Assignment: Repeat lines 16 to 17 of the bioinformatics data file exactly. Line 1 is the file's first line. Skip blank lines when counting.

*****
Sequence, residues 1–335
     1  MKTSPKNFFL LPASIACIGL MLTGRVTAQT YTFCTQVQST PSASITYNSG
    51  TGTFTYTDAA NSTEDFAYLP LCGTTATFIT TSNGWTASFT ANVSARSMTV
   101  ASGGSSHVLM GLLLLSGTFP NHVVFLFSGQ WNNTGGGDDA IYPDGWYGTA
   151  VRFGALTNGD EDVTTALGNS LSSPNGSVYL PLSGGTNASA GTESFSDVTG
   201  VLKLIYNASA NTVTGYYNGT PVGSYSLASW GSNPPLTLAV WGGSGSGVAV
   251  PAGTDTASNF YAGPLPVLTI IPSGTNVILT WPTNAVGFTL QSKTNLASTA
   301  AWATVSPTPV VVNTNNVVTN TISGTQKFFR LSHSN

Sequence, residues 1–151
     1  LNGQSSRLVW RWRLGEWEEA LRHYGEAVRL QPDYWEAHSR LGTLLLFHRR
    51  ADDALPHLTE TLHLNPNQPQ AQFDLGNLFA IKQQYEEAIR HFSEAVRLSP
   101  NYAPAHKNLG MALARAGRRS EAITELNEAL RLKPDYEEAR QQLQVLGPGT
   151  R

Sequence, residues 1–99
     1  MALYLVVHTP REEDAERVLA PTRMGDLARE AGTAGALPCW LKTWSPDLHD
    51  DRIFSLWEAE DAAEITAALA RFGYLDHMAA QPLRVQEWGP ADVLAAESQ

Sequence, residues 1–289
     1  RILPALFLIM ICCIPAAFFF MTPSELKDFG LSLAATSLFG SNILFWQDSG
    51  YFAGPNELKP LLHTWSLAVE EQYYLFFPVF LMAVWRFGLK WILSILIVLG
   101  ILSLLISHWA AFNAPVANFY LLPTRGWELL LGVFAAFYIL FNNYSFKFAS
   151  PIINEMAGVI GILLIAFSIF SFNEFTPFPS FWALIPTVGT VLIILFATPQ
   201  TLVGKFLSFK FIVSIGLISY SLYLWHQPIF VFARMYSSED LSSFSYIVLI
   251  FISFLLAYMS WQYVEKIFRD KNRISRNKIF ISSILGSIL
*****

    51  DRIFSLWEAE DAAEITAALA RFGYLDHMAA QPLRVQEWGP ADVLAAESQ

Sequence, residues 1–289